In fact, the number of non-German suspects and suspected immigrants is higher at the time of the refugee crisis than in other years. The proportion of non-German suspects increased from 7.57% (2014) to 10.01% (2015). A larger increase is seen among immigrant suspects: from 12.26% (2014) to 21.69% and 27.16% (2015 and 2016). The numbers decreased again in the following years. However, with 17.29% (2019) the proportion of suspected immigrants is higher than five years before. In comparison, the proportion of German suspects is much lower at a constant below 2%. This is, among other things, due to the fact that Germans with an immigrant background are counted as non-German suspects.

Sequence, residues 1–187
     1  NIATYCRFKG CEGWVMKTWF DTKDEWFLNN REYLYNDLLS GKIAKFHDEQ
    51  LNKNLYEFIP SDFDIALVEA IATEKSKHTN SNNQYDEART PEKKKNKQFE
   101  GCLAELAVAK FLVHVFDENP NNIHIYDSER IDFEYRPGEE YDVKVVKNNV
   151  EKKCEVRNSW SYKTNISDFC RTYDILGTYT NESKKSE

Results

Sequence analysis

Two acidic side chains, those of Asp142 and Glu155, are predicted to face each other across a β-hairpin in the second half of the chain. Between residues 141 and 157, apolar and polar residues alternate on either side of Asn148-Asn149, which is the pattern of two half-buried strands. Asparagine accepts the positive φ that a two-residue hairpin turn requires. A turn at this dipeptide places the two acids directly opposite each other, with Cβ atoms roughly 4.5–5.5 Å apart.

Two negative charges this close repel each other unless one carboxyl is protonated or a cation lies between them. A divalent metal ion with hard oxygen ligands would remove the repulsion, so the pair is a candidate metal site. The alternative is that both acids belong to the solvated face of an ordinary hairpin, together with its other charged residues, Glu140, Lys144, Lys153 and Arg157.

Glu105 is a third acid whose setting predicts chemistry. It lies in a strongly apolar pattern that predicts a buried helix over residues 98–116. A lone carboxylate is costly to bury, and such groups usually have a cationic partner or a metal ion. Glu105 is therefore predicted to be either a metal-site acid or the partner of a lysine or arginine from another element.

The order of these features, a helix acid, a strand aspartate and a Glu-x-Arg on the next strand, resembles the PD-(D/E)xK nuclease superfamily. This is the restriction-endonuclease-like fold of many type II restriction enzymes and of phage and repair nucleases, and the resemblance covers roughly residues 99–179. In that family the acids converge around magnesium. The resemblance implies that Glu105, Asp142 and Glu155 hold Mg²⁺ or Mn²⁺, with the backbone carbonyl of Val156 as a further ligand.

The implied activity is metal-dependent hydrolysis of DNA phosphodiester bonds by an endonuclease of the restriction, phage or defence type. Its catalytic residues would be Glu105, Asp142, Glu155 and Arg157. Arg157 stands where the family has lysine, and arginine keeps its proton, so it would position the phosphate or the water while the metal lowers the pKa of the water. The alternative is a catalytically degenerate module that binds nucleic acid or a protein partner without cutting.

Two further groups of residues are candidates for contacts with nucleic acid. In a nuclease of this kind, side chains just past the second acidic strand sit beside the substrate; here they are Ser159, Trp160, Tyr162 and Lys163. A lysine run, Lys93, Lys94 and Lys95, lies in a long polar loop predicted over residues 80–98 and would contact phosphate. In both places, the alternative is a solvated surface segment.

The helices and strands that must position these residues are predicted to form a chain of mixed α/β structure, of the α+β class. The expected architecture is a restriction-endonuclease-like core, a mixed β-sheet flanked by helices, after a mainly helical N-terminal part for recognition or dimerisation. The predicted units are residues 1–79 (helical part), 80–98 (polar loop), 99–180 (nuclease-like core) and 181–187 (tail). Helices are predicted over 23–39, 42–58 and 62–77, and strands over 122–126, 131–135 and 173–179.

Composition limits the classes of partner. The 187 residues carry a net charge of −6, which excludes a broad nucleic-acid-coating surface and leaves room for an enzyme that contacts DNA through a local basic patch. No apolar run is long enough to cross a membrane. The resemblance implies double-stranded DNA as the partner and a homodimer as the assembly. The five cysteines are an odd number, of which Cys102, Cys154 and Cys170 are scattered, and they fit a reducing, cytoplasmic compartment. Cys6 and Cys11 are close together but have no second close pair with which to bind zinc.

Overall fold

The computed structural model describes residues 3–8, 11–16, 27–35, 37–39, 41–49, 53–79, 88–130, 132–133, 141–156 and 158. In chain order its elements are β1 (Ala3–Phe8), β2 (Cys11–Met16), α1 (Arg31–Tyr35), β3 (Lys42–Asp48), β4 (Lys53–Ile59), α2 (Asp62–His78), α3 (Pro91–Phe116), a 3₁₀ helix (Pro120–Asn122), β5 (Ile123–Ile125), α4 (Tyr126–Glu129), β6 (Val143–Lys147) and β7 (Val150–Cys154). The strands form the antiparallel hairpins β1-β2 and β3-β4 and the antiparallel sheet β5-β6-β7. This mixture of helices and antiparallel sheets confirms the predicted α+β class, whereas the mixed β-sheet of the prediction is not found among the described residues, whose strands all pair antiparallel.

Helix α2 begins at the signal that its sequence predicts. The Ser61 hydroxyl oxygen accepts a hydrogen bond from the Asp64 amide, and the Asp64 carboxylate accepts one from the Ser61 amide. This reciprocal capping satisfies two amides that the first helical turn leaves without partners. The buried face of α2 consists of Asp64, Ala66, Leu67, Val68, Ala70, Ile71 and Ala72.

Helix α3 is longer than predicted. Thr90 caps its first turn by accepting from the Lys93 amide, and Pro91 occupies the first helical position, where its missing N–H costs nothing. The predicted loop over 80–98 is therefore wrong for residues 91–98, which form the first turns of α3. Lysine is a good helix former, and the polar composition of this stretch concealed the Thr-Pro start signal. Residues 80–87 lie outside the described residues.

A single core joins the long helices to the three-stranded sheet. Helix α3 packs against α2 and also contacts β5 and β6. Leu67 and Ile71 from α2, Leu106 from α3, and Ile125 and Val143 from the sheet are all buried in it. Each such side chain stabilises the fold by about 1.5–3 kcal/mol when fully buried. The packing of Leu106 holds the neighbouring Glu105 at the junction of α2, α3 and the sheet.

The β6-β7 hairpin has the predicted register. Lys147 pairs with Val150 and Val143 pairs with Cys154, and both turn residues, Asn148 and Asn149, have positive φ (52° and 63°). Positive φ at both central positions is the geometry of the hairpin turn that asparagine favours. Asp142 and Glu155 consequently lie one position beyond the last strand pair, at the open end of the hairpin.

The statistics indeed show that the proportion of foreign suspects has increased. The fact is: The chart provides an overview of all criminal offenses. According to a statement by economist Yue Huang who did research about the refugee crisis in Germany, studies like these should be interpreted with caution since there are limits in their usefulness when it comes to analysing refugee crime. Huang said in an interview: “In the existing literature, some work has been done on immigration and crime. But (these studies) just look at the total crimes, which can include crimes committed by natives against natives, or crimes committed by natives against foreigners, even. So just using these total crime numbers, you cannot clearly see whether immigrants or refugees commit more crimes against natives.” In fact, many studies aiming to measure immigration crime only focus on overall “crude” crime numbers. These will not take into account many other factors, such as the ever-changing number of crimes in Germany over the decades. In his study, Yue Huang found no systematic correlation between the number of refugees and the number of German victims regarding crimes committed by refugees: “We did not find any evidence for a systematic link between the scale of refugee immigration and the risk of Germans to become victims of a crime in which refugees are suspects. This result holds true not only for total crimes with victim recording in police crime statistics, but also for sub-categories of such crimes, such as robbery (economic crimes), bodily injury (violent crimes), and rape and sexual coercion (sex crimes).” That means that Germans are not more likely to become a victim of a crime committed by a refugee than before 2015.